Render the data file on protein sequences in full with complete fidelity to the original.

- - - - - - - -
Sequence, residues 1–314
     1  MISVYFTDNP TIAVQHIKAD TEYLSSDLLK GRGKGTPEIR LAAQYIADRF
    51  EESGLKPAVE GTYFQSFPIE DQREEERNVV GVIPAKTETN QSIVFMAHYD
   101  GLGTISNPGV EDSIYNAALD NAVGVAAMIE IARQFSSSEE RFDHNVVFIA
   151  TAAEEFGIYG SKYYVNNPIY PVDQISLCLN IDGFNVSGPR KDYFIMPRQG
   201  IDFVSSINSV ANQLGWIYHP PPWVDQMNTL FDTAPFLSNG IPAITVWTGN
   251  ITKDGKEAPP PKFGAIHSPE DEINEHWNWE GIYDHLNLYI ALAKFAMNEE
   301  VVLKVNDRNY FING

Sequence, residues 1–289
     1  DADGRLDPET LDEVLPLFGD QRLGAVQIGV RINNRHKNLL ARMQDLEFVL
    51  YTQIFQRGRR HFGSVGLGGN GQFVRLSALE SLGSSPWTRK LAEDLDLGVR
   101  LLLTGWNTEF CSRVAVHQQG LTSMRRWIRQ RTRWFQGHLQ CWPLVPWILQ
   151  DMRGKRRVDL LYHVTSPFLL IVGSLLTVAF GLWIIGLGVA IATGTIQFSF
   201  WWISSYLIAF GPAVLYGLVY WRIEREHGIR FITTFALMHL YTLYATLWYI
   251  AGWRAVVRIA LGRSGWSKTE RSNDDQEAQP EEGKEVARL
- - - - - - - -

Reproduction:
Sequence, residues 1–314
     1  MISVYFTDNP TIAVQHIKAD TEYLSSDLLK GRGKGTPEIR LAAQYIADRF
    51  EESGLKPAVE GTYFQSFPIE DQREEERNVV GVIPAKTETN QSIVFMAHYD
   101  GLGTISNPGV EDSIYNAALD NAVGVAAMIE IARQFSSSEE RFDHNVVFIA
   151  TAAEEFGIYG SKYYVNNPIY PVDQISLCLN IDGFNVSGPR KDYFIMPRQG
   201  IDFVSSINSV ANQLGWIYHP PPWVDQMNTL FDTAPFLSNG IPAITVWTGN
   251  ITKDGKEAPP PKFGAIHSPE DEINEHWNWE GIYDHLNLYI ALAKFAMNEE
   301  VVLKVNDRNY FING

Sequence, residues 1–289
     1  DADGRLDPET LDEVLPLFGD QRLGAVQIGV RINNRHKNLL ARMQDLEFVL
    51  YTQIFQRGRR HFGSVGLGGN GQFVRLSALE SLGSSPWTRK LAEDLDLGVR
   101  LLLTGWNTEF CSRVAVHQQG LTSMRRWIRQ RTRWFQGHLQ CWPLVPWILQ
   151  DMRGKRRVDL LYHVTSPFLL IVGSLLTVAF GLWIIGLGVA IATGTIQFSF
   201  WWISSYLIAF GPAVLYGLVY WRIEREHGIR FITTFALMHL YTLYATLWYI
   251  AGWRAVVRIA LGRSGWSKTE RSNDDQEAQP EEGKEVARL